On the plus side:
* Cramps (and all that goes along with cramps) came as expected based on the manipulation we did of my body by having me take 14 days worth of birth control pills and then stop taking them.  So far, so good.
* Baseline appointment tomorrow (blood draw and ultrasound).  Let's get this party started!  Also, it turns out that I had forgotten how much more pleasant my period is when I'm on birth control.  I'm crampy, but it's NOTHING compared to the last 3+ years of non-birth control period cramps.  
* All over the world people that I love are in various stages of growing tiny humans inside of them.  I feel like this is supposed to bother me, but am glad it doesn't.  Not that it doesn't hurt a little bit sometimes.  BUT BUT BUT it still falls solidly in this "on the plus side" list.
* One of these tiny humans - well, I will hopefully be there when he is born.  How amazing is that??? 
* My brother-in-law is coming to visit tonight.
* We have a fun wedding to go to on Saturday and I am taking the day off work. 
* I won money for sucking at bowling (last place in the league boobie prize, baby, yeah!!!)
* I am getting better at the injections.  Faster, less cautious, less afraid.  This makes me feel less confined to my house for doing them - less like Cinderella when the clock strikes midnight.  I should be adding two more starting tomorrow, so we'll see how it goes. 
* I am getting better at meditating.  I bought this because apparently I am turning into a hippie (aka am willing to try anything at this point).  For others who are in the process of infertility treatments, you can use the code IVF35 to get a pretty good discount. For me, I've found that it provides the same thing acupuncture was providing - peace, restfulness, stress relief etc.  So, it is a good substitute because the time and money commitment of acupuncture became too much for me (causing more stress than it relieved).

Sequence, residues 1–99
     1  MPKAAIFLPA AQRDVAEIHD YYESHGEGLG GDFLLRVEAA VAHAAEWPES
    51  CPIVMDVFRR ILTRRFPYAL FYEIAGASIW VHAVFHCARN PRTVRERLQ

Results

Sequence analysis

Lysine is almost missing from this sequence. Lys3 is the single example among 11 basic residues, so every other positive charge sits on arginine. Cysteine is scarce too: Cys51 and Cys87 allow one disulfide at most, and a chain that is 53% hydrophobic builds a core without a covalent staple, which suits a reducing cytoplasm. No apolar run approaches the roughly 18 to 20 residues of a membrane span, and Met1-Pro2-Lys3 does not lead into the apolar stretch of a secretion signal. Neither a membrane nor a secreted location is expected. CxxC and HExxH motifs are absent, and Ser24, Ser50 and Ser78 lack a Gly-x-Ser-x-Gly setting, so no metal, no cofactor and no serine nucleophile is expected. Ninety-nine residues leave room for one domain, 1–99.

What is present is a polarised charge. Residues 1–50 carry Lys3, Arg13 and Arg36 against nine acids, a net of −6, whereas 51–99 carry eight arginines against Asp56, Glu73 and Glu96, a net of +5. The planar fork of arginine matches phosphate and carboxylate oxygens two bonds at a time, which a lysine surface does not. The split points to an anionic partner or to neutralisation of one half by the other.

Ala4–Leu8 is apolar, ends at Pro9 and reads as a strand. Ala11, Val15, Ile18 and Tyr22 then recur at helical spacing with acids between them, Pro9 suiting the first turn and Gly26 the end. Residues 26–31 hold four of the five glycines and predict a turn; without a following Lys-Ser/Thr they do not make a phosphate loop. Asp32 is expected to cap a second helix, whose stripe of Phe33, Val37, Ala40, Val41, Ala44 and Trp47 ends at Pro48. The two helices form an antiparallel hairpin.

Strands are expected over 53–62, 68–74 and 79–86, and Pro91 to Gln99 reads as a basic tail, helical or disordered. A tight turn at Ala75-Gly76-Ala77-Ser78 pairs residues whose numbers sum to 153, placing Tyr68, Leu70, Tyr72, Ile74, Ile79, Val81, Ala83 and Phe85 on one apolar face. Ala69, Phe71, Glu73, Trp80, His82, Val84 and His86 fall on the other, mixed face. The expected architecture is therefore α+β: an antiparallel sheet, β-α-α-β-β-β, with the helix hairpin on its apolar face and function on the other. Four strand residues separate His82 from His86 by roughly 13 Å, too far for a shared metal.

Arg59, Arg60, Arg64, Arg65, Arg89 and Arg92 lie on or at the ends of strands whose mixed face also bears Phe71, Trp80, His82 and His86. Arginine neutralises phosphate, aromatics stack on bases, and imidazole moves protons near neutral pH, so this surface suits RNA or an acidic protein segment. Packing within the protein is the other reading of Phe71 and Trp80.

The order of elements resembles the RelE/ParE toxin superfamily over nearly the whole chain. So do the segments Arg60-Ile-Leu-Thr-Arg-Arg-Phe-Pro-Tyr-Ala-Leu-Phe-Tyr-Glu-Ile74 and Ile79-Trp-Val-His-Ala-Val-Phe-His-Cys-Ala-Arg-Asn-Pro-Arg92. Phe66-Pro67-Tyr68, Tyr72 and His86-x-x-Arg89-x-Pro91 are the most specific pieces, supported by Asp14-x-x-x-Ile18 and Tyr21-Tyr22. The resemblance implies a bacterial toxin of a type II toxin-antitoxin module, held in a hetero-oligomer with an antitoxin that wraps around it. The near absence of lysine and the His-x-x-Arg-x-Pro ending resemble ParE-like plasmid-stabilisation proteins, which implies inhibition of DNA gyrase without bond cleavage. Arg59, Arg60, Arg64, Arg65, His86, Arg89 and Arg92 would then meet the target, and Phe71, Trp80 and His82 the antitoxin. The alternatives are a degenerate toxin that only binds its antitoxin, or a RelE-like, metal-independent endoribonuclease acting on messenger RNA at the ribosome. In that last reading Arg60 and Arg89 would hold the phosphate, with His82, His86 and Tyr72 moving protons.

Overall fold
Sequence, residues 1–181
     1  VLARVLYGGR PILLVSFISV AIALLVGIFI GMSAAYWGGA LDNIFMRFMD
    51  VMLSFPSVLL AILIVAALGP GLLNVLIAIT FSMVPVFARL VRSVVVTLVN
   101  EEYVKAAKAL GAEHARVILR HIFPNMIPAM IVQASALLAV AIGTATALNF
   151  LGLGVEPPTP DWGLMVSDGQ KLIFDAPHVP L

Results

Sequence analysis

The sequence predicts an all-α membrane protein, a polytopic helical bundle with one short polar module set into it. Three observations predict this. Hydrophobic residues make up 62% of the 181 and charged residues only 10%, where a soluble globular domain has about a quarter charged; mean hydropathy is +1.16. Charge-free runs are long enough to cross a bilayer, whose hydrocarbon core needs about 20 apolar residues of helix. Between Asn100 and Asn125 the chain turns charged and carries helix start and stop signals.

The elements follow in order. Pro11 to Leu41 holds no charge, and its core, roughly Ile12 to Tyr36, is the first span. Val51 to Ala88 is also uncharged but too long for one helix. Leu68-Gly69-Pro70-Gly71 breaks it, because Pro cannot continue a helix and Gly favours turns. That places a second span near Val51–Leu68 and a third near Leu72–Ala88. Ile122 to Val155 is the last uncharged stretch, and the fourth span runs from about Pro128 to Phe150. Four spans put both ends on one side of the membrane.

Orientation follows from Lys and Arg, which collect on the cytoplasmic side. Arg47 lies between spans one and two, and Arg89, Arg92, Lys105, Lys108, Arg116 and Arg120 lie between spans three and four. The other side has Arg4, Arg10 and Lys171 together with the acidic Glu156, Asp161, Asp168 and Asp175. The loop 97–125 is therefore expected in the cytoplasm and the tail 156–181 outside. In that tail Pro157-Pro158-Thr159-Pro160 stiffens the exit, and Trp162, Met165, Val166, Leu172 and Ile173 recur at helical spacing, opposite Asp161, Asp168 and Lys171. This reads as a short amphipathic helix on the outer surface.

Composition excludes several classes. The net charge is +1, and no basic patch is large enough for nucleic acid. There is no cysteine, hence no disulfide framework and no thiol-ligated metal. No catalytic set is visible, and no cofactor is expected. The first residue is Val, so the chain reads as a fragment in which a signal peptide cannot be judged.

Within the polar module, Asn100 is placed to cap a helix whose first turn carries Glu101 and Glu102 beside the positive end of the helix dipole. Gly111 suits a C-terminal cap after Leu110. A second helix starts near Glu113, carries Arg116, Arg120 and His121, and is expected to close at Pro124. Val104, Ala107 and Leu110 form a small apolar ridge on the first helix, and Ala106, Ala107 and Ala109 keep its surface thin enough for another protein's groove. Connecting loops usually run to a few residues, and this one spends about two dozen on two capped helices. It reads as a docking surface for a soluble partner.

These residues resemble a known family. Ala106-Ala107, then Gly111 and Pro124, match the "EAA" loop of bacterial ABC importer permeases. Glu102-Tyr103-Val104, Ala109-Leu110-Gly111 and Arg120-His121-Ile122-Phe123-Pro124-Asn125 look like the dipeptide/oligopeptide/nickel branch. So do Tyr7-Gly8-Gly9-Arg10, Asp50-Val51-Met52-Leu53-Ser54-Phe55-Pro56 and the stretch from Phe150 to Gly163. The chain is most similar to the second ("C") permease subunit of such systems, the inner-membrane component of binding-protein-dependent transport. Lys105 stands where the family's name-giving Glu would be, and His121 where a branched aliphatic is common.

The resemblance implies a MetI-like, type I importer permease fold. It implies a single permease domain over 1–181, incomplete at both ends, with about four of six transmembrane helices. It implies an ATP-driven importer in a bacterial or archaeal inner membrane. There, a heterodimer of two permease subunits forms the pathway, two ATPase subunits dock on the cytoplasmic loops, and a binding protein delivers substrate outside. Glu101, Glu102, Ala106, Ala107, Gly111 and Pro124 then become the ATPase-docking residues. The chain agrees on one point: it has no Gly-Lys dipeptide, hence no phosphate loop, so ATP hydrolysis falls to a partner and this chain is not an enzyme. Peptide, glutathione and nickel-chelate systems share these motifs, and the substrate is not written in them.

* I joined the gym and took a zumba class, which was hilarious.  #notcoordinated  Going to try really hard to get back in fighting shape and not let the side effects of the meds and the depression from the treatments continue to make me doughy and uncomfortable in my skin. 
* I am generally in good spirits in spite of how awful this is.  I am lucky in so many ways, and I know it. 
* People have reached out to me in ways that feel really good.  Knowing that strangers and friends of friends have found this blog and found something in it worth reading and been inspired to share their stories with me, well, that's just amazing.  And knowing that my friends and family are rooting for me, paying attention, and worrying with me does truly make me lighter.

Let's save the bad stuff for another day, shall we?

Saturday, September 15, 2012


Hey y'all.  This is my IVF Cycle Calendar.  For those who really like to follow along at home.  It doesn't include my post-transfer care (progesterone, blood tests etc) and it doesn't include the oral medication that they'll tell me when to start taking as they monitor.  I will add those things in by hand to my printed version, to make it easier for me to keep track.  In the meantime, this does give a sense of the timing of everything and what a cycle sort of looks like.

Sorry it runs off the page a little bit (at least if you aren't reading the blog in a reader, but on blogger directly).  It just is the only way to make it big enough to be readable.

Friday, September 14, 2012

On the Side

Well, my dreams of making it through this side effect free have been dashed.  In fact, the dreams have been dashed by...well...dreams.  Yeah, so the Lupron.  Is giving me insane dreams.

I thought I had jetlag, since I traveled back from Ohio, arriving late Tuesday night.  It would have made sense that I was tired early in the evening and waking up early in the morning given the travel and time difference.  And the anxiety, I attributed that to nerves before an important interview (that was on Wednesday) + travel + fear of starting my meds.  

When I woke up, again, this morning at like 4 am with strange dreams, a wide-awake brain, and an anxious stomach  I decided to do some research and it didn't take long to realize that what I am experiencing is a classic set of Lupron side effects.  Anxiety, sleeplessness, nervousness, mood changes.  That makes more sense than jetlag, especially since I've been back for as long as I was away.  It's not like I traveled across the world or anything.

Other things I am feeling (that could be from Lupron or birth control pills):
* extremely sore boobs
* sore lower back - sort of generally achey
* weird sort of soreness/pulling sensation in lower belly